Bernard Joly

Benard JolyIn human chemistry, Benard Joly (1944-) is a French chemistry historian noted for []

In 2006, Joly, in his “Goethe’s Elective Affinities: Between Science and Literature”, gave a rather detailed hypothesis of what chemistry works and theories German polymath Johann Goethe might have read in the pre-1809 years, prior to the writing of his physical chemistry based Elective Affinities; the abstract of which is as follows: [1]

“The title of Goethe’s novel Elective Affinities refer to the chemical tenet of rapports between different bodies which, from Etienne-François Geoffroy’s works in 1718, emerge as a prevailing theory [see: affinity theory] in the eighteenth-century chemistry. Goethe does not limit his views to the analogy between love attractions which made and break up couples and chemical processes which determine bonds and precipitations of chemical substances. His excellent knowledge of chemical and alchemical tradition leads him to consider affinity as a law of nature having effects in chemistry as well as in the living being and in the mind.”

Joly, in the article, states:

“Realize that the force that destroyed the couple Charlotte and Edward and binds the two new couples formed, Goethe invoked, as the title suggests, is the natural power of elective affinities, a concept borrowed from the chemistry of his time, and he did this, via Captain, in a brilliant exposition of popular science in chapter four of the first part, before Odile has appeared. The move is surprising, even daring in terms of the structure of the novel, as Goethe did not hesitate to leave his characters in the same storyline that gives them life, to let them hold a discourse which at this point the advance of the plot, cannot yet be an attempt to interpret their own history, and which is therefore, in a way, overhanging from the text of the novel, whose characters would have escaped a moment in order to expose the springs, not from their subjective existence as it unfolds in the body of the story, but the same processes as the author, or at least the narrator uses to structure his work and build the psychology of his characters.”
— Bernard Joly (2006), “Goethe’s Elective Affinities: Between Science and Literature” (§2)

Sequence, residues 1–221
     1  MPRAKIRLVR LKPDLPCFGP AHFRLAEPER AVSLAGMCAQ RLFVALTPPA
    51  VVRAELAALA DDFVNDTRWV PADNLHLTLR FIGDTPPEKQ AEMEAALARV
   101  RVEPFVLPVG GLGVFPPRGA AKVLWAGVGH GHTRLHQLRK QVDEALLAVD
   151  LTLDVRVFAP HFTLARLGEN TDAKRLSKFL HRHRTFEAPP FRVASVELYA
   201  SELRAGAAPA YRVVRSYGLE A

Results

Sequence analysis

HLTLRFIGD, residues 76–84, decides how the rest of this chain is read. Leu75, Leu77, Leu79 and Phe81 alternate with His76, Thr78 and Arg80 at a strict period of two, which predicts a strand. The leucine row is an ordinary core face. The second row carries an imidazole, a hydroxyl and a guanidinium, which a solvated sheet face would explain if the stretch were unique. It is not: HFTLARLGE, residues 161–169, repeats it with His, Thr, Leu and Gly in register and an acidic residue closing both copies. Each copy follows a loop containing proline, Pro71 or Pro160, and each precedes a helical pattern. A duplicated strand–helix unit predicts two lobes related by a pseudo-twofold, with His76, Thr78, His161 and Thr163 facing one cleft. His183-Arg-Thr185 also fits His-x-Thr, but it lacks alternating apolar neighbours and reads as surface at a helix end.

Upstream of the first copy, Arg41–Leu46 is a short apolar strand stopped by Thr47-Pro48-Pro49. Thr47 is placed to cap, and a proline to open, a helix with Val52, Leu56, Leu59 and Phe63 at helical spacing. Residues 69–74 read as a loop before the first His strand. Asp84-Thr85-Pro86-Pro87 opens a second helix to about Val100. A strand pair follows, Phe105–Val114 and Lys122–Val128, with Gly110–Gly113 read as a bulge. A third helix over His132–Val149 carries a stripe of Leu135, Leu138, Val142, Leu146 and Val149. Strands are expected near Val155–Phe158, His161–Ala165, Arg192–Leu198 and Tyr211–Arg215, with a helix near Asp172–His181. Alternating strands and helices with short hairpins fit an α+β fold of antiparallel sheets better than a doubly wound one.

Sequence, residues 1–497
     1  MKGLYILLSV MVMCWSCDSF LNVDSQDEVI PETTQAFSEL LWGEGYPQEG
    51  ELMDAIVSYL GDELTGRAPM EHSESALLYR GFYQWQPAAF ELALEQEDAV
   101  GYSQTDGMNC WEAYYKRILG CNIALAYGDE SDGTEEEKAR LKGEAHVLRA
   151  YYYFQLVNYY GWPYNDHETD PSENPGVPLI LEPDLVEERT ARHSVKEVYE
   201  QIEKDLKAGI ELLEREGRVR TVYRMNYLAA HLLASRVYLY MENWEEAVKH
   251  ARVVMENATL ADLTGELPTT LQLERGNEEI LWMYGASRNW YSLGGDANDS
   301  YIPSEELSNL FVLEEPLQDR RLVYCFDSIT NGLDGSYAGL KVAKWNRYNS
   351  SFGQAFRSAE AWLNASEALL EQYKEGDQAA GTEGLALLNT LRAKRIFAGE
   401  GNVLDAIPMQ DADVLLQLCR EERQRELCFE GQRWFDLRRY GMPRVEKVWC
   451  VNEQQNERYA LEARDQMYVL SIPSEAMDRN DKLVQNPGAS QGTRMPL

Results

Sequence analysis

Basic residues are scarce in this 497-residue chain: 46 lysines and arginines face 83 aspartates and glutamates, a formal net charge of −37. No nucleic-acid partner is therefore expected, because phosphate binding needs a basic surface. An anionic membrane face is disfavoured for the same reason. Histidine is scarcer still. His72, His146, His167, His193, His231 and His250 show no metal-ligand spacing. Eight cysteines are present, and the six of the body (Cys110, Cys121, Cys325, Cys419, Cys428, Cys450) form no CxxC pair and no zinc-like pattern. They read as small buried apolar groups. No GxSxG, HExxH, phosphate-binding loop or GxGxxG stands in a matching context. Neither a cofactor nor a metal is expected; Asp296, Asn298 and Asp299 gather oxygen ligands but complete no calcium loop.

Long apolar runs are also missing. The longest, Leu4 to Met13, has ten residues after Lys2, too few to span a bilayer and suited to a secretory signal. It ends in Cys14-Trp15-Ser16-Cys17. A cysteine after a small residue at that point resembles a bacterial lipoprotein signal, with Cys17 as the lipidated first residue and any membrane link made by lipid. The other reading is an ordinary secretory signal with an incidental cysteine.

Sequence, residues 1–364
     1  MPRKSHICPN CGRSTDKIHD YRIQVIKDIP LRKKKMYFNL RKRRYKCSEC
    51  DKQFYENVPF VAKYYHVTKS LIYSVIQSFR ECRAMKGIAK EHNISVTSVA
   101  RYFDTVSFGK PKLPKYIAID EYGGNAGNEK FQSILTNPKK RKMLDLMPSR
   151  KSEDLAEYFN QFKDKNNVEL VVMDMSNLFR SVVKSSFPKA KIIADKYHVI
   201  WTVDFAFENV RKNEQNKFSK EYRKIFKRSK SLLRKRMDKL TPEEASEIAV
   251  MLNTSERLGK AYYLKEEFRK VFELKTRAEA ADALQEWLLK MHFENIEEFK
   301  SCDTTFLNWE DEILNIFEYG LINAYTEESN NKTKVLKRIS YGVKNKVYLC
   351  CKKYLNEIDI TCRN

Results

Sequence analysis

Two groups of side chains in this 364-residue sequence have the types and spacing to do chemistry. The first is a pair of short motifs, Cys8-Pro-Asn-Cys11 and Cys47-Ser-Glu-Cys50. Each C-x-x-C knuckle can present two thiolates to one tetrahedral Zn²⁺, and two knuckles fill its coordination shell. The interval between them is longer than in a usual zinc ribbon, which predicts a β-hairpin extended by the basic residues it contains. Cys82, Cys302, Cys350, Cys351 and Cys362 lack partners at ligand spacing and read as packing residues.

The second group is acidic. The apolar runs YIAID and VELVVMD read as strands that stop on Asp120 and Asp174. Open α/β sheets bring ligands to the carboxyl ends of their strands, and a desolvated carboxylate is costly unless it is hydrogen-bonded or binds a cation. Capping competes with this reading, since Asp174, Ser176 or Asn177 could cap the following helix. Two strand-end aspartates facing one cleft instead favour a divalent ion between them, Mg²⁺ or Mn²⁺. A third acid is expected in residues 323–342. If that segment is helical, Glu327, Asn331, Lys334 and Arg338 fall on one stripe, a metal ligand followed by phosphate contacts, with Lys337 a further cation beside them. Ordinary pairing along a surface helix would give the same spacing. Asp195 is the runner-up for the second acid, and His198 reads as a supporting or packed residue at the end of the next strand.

Then he discusses Walter Benjamin (1922) on Goethe’s Elective Affinities; then Goethe’s daemonic.

On the combined influence of Schelling, Kant, Bergman, Joly states the following:

“Goethe himself had however indicated in a letter of June 1809 to another of his friends, he had borrowed its title from a treaty of Swedish chemist Torbern Bergman published in Latin in 1775, De attractionibus electivis, and translated into German from 1782 under the title Die Wahlverwandtschaften, which is the title of the novel. The French translation of the Treaty of Bergman (1788) is called Treaty chymical elective affinity or attraction. Regardless of whether we actually read Goethe's book Bergman, where he became acquainted as a result of its trade with Schelling, which he had read in 1798 Ideas for a Philosophy of Nature published the previous year and the Soul of the World published the same year, works in which the professor of Jena, following Kant gave to chemical science a very important role, elective affinities expressed by him at a higher level the two forces fundamental attraction and repulsion. It is not impossible that Goethe had heard of "some ingenious pages on the application of elective affinities of chemistry elective affinities feelings" had written the Duchess of Bouillon, whose adopted daughter had married in 1795 Baron de Vitrolles that relates all this in his autobiographical Memories of a migrated. Gibelin, who reports this passage in an article in the Journal of Comparative Literature in 1953, notes that the Bouillon Duchess lived in Erfurt, but one of his friends went two or three times a month in Weimar, sometimes taking with Vitrolles him who claims to have had with Goethe and "very good conversation", which raises the possibility that he had informed the poet of the work of his stepmother.”
— Bernard Joly (2006), “Goethe’s Elective Affinities: Between Science and Literature” (§7)

(add discussion)

In 2011, Joly was one of the presenters at the UIB literature and chemistry conference.

Joly presently is professor of the history and philosophy of science, Université de Lille 3, specializing in the history of chemistry. [2]

1. Joly, Bernard. (2006). “Les Affinities elective de Goethe: entre science et literature” (French); “Goethe’s Elective Affinities: Between Science and Literature” (English), Methodos, 6.
2. Benard Joly (French → English) (reseach) – Université de Lille 3.

External links
‚óŹ Bernard Joly (French → English) (faculty) – Université de Lille 3.

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